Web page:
WASHINGTON (Reuters)—The U.S. Senate on Monday moved closer to confirming Dr. Robert Califf to lead the U.S. Food and Drug Administration, overriding opposition from several senators who had sought to block a vote on the issue.
In a procedural move designed to prevent the opponents from blocking the confirmation indefinitely, the Senate voted 80 to 6 in favor of limiting further debate on the matter to no more than 30 hours, meaning a confirmation vote could take place as early as Tuesday.
Sen. Edward Markey (D-Ma.) and Sen. Joe Manchin (D-W.Va.) among others had sought to block the confirmation vote citing disagreements with the FDA’s process for approving opioid painkillers.
Democratic presidential candidate Bernie Sanders also placed a hold on the nomination, saying he objected to Califf’s close ties to the pharmaceutical industry.
Under pressure, the FDA recently agreed to a number of changes to its opioid approval process, and said it would convene an advisory panel meeting before approving new opioid painkillers that do not include an abuse-deterrent feature.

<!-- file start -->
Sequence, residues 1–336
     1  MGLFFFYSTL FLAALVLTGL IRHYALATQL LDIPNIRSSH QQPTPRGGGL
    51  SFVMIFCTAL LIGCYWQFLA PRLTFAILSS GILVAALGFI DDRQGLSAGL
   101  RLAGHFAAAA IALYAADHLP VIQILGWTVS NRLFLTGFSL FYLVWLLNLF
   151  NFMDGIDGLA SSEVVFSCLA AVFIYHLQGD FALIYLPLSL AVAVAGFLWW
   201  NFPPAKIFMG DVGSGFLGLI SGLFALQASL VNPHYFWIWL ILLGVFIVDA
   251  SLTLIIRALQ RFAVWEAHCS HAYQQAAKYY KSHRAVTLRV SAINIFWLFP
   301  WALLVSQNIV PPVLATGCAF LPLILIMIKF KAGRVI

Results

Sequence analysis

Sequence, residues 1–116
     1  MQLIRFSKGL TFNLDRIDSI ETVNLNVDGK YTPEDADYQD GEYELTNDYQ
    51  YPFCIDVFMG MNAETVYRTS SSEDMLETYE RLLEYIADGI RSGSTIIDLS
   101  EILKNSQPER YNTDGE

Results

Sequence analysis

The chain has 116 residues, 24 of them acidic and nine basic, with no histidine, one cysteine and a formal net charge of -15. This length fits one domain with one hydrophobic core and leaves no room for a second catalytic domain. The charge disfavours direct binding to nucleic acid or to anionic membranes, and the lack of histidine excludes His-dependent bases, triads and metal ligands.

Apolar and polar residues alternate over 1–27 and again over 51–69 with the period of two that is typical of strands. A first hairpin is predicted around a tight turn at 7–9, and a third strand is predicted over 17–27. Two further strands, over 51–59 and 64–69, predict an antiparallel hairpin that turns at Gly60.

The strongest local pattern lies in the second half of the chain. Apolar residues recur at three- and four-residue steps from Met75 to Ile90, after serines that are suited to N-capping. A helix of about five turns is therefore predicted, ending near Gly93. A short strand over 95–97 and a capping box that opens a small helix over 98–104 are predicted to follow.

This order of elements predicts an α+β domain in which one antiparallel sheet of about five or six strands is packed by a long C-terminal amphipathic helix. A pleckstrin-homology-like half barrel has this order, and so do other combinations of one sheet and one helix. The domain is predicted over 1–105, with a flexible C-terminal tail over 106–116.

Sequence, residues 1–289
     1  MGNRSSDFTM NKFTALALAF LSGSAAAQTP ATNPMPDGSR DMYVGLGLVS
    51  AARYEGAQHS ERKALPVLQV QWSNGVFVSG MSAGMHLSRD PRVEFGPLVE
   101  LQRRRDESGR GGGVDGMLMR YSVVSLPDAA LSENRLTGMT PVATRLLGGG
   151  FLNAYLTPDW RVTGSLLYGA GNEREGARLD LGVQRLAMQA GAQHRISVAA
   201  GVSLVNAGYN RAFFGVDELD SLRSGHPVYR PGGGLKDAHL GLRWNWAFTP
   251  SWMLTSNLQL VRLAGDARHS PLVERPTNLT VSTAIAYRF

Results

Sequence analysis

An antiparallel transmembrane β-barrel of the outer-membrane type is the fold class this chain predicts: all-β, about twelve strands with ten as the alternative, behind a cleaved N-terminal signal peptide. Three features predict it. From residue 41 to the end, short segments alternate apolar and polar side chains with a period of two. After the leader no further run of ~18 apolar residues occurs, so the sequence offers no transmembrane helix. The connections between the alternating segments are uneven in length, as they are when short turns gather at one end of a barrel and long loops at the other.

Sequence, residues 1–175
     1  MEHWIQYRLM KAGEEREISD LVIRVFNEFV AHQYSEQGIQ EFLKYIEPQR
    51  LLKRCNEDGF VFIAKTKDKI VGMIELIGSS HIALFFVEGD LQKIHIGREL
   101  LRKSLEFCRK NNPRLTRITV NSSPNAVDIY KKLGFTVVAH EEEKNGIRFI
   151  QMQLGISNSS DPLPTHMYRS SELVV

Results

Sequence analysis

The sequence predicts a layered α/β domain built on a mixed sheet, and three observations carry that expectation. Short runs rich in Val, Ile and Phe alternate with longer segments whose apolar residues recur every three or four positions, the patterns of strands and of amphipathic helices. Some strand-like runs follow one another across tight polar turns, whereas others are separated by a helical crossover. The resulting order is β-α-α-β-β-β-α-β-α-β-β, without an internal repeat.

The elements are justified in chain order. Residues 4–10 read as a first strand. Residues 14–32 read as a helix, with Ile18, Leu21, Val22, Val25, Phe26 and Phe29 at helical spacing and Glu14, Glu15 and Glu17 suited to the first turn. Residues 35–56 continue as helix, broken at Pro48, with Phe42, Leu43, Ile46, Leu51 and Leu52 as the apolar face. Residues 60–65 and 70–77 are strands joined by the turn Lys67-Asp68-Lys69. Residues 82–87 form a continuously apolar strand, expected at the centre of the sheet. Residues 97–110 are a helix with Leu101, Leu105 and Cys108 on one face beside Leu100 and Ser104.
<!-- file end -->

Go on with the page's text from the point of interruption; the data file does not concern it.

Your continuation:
The opponents said the measures do not go far enough and that advisory panels should be called before any opioid is approved.
“The FDA has to be the cop on the beat,” Markey said.
Before the vote opponents, including Richard Blumenthal of Connecticut, took to the floor to berate the FDA for approving opioid products such as Zohydro over the objections of its advisory committee.
The FDA, Manchin added, “must break its cozy relationship with the pharmaceutical industry.” He said more people die of legal prescription drug abuse in West Virginia than any other cause.